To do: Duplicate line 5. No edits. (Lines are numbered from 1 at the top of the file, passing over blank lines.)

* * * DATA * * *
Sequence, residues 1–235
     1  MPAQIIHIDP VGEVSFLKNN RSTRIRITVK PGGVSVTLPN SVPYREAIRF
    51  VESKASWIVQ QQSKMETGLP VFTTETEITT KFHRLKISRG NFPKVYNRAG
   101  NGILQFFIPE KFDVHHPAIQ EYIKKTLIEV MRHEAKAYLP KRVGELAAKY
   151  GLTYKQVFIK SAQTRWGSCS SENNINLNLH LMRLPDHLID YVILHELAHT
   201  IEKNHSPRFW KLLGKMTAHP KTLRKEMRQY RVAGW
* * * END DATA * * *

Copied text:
   151  GLTYKQVFIK SAQTRWGSCS SENNINLNLH LMRLPDHLID YVILHELAHT